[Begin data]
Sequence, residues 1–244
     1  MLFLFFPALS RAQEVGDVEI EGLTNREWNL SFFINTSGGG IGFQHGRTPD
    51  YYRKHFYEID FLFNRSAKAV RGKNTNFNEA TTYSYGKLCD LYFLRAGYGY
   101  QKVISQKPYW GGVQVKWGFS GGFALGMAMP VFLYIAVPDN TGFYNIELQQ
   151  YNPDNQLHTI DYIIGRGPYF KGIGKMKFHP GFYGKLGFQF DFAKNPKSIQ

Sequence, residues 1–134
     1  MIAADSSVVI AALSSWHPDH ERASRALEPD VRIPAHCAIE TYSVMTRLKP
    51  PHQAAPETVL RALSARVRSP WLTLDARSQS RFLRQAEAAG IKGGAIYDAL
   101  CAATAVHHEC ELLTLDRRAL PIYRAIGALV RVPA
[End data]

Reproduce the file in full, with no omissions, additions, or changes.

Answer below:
Sequence, residues 1–244
     1  MLFLFFPALS RAQEVGDVEI EGLTNREWNL SFFINTSGGG IGFQHGRTPD
    51  YYRKHFYEID FLFNRSAKAV RGKNTNFNEA TTYSYGKLCD LYFLRAGYGY
   101  QKVISQKPYW GGVQVKWGFS GGFALGMAMP VFLYIAVPDN TGFYNIELQQ
   151  YNPDNQLHTI DYIIGRGPYF KGIGKMKFHP GFYGKLGFQF DFAKNPKSIQ

Sequence, residues 1–134
     1  MIAADSSVVI AALSSWHPDH ERASRALEPD VRIPAHCAIE TYSVMTRLKP
    51  PHQAAPETVL RALSARVRSP WLTLDARSQS RFLRQAEAAG IKGGAIYDAL
   101  CAATAVHHEC ELLTLDRRAL PIYRAIGALV RVPA